For migration and borders scholars, the Covid-19 pandemic brought a renewed awareness of the intimate entanglements of mobilities, borders and health, broadly conceived. Many of us are swiftly taking issues with attempts at global re-bordering marked by ‘vaccine passports’ and Covid-free enclaves (Bialasiewicz & Alemanno 2021). However, fewer are paying attention to the overlapping, compounded injustices of migrants’ over-exposure to the virus, deriving primarily from working and housing conditions, and their lack of access to healthcare because of racialised inequalities (Sultana 2021; see also Edwards 2021). The latter, in particular, may be an unfamiliar, uncomfortable notion for European readers, despite the body of interdisciplinary work that has examined how migration and border regimes produce uneven health vulnerabilities at a global level (see Willen 2012, for a comprehensive review). Especially for those of us based in Northern Europe, the idea that our healthcare systems – perceived as infrastructurally, technologically and morally advanced – may be hardly accessible to racialised people contrasts with assumptions about the universality of human rights, and the progressive, inclusive nature of welfare institutions.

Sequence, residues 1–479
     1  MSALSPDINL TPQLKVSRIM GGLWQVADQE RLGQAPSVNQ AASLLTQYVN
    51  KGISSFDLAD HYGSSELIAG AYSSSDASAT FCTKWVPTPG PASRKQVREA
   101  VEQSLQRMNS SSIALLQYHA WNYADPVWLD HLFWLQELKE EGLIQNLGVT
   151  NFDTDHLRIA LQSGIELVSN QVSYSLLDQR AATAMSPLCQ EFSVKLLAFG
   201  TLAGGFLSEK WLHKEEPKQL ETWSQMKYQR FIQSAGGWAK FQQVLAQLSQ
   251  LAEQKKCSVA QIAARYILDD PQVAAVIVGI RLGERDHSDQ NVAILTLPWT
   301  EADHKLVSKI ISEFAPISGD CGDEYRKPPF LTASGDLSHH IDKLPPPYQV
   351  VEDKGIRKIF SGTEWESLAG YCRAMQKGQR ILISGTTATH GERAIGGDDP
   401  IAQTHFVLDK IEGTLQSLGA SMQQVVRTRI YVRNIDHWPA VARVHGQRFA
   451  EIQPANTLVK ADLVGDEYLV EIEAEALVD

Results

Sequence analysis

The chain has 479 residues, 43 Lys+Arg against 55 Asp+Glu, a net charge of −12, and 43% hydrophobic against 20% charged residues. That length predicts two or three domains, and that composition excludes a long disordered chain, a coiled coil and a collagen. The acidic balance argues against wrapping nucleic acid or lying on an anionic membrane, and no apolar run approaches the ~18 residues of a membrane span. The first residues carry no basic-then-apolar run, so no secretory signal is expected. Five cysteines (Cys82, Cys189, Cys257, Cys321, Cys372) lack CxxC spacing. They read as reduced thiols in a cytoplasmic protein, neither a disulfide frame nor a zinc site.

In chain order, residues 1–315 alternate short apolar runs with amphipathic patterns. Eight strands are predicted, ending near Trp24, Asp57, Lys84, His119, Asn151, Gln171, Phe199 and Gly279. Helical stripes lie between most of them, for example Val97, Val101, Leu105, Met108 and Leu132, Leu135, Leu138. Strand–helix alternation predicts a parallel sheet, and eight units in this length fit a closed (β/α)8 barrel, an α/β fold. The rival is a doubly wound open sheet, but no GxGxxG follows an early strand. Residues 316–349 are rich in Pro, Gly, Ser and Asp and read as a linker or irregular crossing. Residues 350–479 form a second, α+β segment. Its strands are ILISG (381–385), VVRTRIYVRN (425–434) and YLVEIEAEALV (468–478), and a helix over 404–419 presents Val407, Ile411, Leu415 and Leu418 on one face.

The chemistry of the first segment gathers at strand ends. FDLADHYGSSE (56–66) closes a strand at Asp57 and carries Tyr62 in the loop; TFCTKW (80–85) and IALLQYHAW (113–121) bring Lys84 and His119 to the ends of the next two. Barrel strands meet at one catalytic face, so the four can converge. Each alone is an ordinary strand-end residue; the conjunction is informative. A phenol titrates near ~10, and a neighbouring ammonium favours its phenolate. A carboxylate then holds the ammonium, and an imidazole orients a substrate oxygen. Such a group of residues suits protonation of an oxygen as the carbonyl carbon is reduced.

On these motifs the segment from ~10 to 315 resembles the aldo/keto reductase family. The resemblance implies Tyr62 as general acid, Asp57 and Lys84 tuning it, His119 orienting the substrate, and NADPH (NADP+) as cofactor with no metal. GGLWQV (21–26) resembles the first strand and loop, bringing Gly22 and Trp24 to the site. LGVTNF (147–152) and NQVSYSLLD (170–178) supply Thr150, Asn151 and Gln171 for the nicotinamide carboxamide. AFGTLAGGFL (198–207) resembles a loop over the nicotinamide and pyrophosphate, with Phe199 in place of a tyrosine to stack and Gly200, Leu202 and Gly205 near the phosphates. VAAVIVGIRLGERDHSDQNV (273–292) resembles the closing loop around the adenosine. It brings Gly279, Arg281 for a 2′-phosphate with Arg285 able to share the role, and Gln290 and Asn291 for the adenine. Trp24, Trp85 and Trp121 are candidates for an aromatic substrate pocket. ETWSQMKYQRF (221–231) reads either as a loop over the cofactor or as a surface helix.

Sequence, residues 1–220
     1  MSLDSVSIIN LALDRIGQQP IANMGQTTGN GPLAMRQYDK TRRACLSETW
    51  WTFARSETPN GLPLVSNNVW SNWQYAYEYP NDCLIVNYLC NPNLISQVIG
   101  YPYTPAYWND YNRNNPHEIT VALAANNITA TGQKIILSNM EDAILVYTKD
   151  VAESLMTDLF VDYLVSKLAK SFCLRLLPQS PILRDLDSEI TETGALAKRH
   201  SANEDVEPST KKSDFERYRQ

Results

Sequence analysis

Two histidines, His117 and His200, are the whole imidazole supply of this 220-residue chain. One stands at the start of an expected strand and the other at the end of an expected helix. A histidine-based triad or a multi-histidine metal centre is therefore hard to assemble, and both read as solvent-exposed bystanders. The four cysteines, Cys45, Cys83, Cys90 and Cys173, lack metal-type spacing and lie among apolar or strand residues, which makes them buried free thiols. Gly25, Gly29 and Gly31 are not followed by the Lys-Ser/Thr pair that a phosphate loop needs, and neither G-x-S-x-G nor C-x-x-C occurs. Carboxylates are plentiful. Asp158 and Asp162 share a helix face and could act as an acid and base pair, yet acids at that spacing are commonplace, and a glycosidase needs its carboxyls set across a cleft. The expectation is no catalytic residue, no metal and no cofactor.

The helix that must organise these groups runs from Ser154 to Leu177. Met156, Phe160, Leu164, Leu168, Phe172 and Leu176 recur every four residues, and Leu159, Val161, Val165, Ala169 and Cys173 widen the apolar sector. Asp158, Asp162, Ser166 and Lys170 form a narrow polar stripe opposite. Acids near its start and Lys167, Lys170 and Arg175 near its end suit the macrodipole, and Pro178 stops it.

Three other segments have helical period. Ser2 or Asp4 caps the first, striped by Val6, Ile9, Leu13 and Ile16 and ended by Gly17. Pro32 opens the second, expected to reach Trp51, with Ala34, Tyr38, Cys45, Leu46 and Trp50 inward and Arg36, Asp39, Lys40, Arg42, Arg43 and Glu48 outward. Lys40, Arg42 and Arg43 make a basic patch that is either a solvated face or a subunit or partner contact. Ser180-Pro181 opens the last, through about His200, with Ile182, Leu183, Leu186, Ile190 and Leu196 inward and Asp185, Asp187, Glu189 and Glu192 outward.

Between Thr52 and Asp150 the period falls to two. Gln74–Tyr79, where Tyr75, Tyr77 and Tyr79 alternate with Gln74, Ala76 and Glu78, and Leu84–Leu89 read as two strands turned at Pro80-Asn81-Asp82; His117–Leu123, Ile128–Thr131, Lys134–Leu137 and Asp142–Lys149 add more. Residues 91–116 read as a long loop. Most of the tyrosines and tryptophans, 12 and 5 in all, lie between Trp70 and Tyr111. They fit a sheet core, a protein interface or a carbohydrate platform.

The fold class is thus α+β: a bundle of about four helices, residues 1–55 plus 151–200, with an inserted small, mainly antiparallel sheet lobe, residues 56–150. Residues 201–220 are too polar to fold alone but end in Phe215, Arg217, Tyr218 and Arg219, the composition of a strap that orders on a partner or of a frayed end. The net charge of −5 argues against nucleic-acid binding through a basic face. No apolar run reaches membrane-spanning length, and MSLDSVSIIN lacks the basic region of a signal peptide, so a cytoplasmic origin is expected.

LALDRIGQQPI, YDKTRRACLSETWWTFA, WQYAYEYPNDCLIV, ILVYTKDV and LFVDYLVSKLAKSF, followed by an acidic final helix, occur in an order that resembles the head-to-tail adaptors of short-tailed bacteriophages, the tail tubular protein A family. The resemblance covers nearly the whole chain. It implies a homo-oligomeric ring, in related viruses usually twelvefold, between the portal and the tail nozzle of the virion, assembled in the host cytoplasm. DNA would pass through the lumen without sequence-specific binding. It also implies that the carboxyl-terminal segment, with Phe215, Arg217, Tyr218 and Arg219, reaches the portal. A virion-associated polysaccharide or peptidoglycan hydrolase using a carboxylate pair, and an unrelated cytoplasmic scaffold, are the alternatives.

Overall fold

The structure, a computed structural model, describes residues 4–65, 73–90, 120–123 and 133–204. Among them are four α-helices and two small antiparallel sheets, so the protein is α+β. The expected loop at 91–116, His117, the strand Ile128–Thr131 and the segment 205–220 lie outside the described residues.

Yet the notion that ‘even health systems that are considered “universal” restrict the access’ of migrants (Chapter 1, p. 24) is the main takeaway from Borders across Healthcare, an important, well thought-out collection of nine essays edited by Nina Sahraoui (Centre de Recherches Sociologiques et Politiques de Paris, CNRS, France). Published in 2020, the collection was arguably written and compiled before the Covid-19 pandemic. Yet, far from diminishing its relevance, the timing makes the book prescient and even more insightful. The volume sets out to contribute to inter-disciplinary debates on ‘health-related deservingness’, a concept introduced by anthropologist Sarah Willen (2012). In her germinal work, which built upon and expanded on the notion of deservingness as developed in welfare studies, Willen (2012, p. 806) defines health-related deservingness as the set of ‘situationally specific, vernacular moral arguments’ and practices that determine which subjects are deemed in need and worthy of care, beyond ‘formal entitlement to rights’. As Sahraoui writes in the introduction, Borders across Healthcare offers an ‘ethnographic delving’ into the gendered and racialised dimensions of health-related deservingness as a moral category of belonging. Although the lengthy discussion of the concept of ‘moral economy’ in the introduction appears slightly formulaic, the theoretical framework is focused and solid, and the book achieves a methodological and thematic coherence that often proves elusive in edited collections.